At the art gallery, six girl students were examining the painting. Each girl chose to report on exactly one horizontal row of small squares, by assigning a different number to each color in that row. The six row patterns, in the original order, were
121341 112213 123221 121222 122113 122134The girls did not consult one another, so a given digit in one row does not necessarily represent the same color as the same digit in a different row.
Another group of six girls did the same process, but this time for the columns, rather than the rows. The column patterns they came up with look like this (but the array below shows the columns in no particular order):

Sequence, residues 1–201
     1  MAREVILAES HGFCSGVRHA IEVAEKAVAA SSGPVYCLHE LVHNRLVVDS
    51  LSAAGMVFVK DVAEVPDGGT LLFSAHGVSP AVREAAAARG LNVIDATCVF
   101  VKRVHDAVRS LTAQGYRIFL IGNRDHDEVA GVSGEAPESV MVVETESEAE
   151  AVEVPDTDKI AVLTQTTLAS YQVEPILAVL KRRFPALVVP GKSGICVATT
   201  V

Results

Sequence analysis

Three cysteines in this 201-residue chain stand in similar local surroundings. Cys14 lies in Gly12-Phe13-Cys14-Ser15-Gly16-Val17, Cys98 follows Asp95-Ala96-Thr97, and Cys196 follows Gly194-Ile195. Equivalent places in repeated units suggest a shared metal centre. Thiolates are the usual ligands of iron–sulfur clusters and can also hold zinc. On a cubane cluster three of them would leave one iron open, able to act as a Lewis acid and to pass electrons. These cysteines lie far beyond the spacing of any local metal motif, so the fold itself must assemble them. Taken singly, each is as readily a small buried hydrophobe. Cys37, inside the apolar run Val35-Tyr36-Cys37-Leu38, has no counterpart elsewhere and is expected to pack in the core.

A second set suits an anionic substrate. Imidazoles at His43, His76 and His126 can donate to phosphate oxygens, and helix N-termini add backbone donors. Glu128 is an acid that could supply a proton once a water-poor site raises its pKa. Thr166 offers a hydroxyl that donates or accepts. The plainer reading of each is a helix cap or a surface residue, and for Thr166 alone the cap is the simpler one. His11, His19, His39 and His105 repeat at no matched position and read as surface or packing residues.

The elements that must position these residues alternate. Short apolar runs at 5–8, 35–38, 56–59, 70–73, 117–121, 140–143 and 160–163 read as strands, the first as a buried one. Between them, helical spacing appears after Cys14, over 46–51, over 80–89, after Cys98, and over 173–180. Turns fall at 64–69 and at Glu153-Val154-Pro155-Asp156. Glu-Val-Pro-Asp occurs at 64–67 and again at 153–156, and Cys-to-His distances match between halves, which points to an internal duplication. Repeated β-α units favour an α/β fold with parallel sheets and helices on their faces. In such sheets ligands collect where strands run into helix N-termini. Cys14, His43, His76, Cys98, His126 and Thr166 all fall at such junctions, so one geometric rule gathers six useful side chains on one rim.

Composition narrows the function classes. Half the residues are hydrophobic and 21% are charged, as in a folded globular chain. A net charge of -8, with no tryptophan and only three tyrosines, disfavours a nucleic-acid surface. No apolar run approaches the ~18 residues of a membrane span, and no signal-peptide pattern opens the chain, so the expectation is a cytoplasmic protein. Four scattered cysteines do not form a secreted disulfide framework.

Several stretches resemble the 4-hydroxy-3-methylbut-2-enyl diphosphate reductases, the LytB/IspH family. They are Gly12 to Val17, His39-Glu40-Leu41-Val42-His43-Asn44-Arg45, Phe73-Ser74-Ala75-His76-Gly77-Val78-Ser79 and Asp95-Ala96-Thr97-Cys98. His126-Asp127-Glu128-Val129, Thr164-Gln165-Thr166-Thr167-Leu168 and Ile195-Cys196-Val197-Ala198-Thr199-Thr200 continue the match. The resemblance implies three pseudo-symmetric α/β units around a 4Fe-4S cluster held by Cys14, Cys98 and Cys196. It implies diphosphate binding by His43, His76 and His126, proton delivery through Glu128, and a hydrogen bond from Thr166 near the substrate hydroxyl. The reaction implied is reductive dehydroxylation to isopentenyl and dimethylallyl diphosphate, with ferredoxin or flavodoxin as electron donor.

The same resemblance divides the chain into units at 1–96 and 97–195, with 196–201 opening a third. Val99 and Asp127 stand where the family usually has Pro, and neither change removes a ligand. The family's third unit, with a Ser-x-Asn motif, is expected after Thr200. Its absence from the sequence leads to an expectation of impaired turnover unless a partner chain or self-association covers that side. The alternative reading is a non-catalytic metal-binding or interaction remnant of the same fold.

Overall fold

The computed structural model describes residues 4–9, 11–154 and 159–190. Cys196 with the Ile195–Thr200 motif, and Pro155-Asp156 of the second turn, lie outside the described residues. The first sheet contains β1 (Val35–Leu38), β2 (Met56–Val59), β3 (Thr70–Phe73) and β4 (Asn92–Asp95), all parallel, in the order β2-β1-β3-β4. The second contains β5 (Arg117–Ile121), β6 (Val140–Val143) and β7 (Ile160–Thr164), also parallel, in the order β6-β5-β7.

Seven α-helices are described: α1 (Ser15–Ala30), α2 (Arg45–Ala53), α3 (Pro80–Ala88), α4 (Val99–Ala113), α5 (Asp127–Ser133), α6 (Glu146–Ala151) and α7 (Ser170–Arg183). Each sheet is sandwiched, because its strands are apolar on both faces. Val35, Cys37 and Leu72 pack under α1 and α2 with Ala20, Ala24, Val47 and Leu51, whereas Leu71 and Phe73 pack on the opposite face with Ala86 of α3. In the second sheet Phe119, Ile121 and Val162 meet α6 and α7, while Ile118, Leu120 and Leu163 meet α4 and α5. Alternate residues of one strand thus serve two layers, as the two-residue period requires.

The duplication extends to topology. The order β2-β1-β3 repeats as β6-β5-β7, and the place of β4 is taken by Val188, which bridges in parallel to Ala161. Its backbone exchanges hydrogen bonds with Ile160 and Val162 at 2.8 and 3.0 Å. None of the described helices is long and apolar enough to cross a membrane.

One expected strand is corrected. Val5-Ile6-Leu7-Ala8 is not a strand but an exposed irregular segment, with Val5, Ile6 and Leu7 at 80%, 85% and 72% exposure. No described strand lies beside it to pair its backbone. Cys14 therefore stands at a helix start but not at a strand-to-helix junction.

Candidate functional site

1 1 1 1 1 1 2 1 2 2 1 2 3 2 3 2 2 2 4 3 2 2 3 1 3 2 1 2 4 2 2 4 1 3 3 2Remember: the rows in the first table are shown in the correct order, but the columns in the second table are shown randomly. Outside of the particular row, for the first table, or column for the second table, do not expect the same digit-to-color coding scheme.
There were more green squares than any other color. How many squares were painted green?